I don’t have any hard data to back this up, but I’m increasingly getting the feeling that if you were to inform yourself of what’s going on in the world solely by using Twitter, you’d probably go through life as a very angry individual. As much as I love the social networking service, it’s often guilty of the same crime that so many of its users ironically accuse the so-called mainstream media of perpetrating: sensationalism. And by its very nature, sensationalism is subconsciously designed to make people angry over whatever the current cause célèbre is. Twitter… grrr!
The latest outrage-of-the-day—ma “Twitrage?”—was over NBC’s coverage of the Olympics. The U.S. network has taken much heat on Twitter (“Twheat?” Okay, I’ll stop now) this week for its decision to air the games on a time delay rather than live as they happen.
NBC’s thinking is driven by the $1-billion plus it paid for the rights to broadcast the games. The network wants to air events during prime-time evening hours, when most people watch TV, so it can maximize advertising revenue. Many Twitter users think this is a stupid idea, given that we’re in an era of instantaneous information. Ultimately, they say, what’s the point of watching competitions when the results are all over the Internet as soon as they conclude?
The point is, most people don’t care. According to the TV Newser blog, “every single night so far of NBC Olympics coverage has broken previous Olympics ratings records, this despite the controversy over tape delay.” What this proves is that the games are just like any other TV show.
While Americans living on the time-delayed west side of the country can, for example, easily find out what happened in the latest episode of Cougar Town or American Idol by going online, most don’t because they’d rather just watch and find out for themselves. When it comes to entertainment they choose to invest in, people don’t like spoilers and go out of their way to avoid them.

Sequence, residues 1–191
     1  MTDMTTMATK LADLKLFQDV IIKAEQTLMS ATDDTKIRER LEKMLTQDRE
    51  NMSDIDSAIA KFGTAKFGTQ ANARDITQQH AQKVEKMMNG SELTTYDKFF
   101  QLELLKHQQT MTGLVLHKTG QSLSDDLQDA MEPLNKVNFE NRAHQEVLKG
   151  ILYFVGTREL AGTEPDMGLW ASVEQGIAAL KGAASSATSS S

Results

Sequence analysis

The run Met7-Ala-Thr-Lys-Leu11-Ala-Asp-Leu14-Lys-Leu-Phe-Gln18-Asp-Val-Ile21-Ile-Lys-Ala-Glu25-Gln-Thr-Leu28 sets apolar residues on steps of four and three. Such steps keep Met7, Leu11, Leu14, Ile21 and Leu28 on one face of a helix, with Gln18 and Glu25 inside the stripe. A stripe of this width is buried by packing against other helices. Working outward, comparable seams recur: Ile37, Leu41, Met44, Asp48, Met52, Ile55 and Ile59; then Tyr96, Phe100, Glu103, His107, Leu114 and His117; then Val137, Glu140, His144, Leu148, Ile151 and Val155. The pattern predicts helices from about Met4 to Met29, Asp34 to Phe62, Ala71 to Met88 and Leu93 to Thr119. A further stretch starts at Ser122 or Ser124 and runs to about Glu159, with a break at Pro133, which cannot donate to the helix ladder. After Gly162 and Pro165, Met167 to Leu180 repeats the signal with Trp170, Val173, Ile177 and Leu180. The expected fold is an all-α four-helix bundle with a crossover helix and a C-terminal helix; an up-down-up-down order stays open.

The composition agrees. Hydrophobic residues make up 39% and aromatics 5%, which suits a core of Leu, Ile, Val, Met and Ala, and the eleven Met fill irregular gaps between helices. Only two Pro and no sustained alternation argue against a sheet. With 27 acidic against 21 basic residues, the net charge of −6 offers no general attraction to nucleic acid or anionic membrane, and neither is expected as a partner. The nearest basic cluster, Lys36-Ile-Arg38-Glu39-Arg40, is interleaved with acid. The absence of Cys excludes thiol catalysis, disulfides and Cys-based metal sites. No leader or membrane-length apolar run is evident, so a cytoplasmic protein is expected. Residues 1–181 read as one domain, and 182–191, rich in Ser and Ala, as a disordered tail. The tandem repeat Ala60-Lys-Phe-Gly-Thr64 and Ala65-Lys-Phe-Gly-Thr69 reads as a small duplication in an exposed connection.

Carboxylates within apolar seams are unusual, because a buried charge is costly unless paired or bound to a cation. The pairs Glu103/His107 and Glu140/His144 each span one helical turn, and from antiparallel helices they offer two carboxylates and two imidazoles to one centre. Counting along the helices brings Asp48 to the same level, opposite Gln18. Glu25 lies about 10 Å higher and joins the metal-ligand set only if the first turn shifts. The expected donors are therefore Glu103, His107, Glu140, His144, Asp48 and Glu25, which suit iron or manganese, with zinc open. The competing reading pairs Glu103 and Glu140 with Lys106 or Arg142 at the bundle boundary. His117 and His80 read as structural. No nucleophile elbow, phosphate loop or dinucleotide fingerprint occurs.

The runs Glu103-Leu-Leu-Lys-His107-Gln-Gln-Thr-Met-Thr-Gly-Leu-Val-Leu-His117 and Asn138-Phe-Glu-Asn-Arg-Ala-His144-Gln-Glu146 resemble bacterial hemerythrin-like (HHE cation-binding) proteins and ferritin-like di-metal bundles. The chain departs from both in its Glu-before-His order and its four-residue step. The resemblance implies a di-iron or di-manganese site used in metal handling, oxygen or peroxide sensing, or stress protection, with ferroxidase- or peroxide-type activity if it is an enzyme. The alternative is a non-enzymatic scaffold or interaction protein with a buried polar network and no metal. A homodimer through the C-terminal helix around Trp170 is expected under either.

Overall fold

The other side of the coin is a report released by the Pew Research Center, which found that as of February, only 15% of people online use Twitter, while only 8% do so on a typical day. While usage is growing steadily, the numbers are a clear indication that what you hear on Twitter does not necessarily represent the views of the mainstream majority.
I’ve written before about how Twitter has a tendency to become an echo chamber, where certain points of views on issues are blown up while other perspectives aren’t heard at all. Indeed, Facebook—with nearly a billion users—is far more representative of the mainstream. Again, it’s not a scientific measure, but I’ve heard much less about the NBC brouhaha over on my Facebook account than I have on Twitter. And my Facebook friends who did mention it also tended to be avid Twitter users.
The moral of the story is that Twitter users can be as outraged as they want over NBC’s Olympics coverage. The numbers strongly suggest that the network really shouldn’t care what they think—and it probably doesn’t.
There is, however, a second part to the tale, which is Twitter’s banning of British journalist Guy Adams, who has been a very vocal critic of NBC’s coverage, at the behest of the network. Adams’s account was suspended this week after he posted the email address of network honcho Gary Zenkel, which is apparently a no-no under Twitter’s terms of service.
As Adams and others have pointed out, his posting didn’t necessarily violate Twitter’s rules because he used Zenkel’s corporate email address rather than a personal or private one, and also because that address was freely available elsewhere online.
Twitter has never preached a “don’t be evil” mantra like some other Internet companies, but banning a user on such flimsy grounds is a pretty clear case of censorship. For a service that has had such a profound impact on recent historical events, including the Arab Spring and London riots, it’s a very bad precedent that has shaken the faith of many users.
Twitter restored Adams’s account on Tuesday after NBC apparently withdrew its request for the ban, but in the long run the service may very well have lost its benign innocence. That’s something users can be rightly outraged about.